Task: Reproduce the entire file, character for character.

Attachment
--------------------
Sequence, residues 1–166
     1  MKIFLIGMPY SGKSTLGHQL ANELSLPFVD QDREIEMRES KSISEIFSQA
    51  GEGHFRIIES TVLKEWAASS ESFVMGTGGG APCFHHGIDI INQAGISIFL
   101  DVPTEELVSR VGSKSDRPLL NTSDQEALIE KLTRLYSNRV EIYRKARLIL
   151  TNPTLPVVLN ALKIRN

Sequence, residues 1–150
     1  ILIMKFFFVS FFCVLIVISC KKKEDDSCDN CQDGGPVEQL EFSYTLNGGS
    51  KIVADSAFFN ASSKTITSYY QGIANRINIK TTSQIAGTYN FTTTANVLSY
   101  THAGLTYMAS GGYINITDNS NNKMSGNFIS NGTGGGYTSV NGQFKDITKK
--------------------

Sequence, residues 1–166
     1  MKIFLIGMPY SGKSTLGHQL ANELSLPFVD QDREIEMRES KSISEIFSQA
    51  GEGHFRIIES TVLKEWAASS ESFVMGTGGG APCFHHGIDI INQAGISIFL
   101  DVPTEELVSR VGSKSDRPLL NTSDQEALIE KLTRLYSNRV EIYRKARLIL
   151  TNPTLPVVLN ALKIRN

Sequence, residues 1–150
     1  ILIMKFFFVS FFCVLIVISC KKKEDDSCDN CQDGGPVEQL EFSYTLNGGS
    51  KIVADSAFFN ASSKTITSYY QGIANRINIK TTSQIAGTYN FTTTANVLSY
   101  THAGLTYMAS GGYINITDNS NNKMSGNFIS NGTGGGYTSV NGQFKDITKK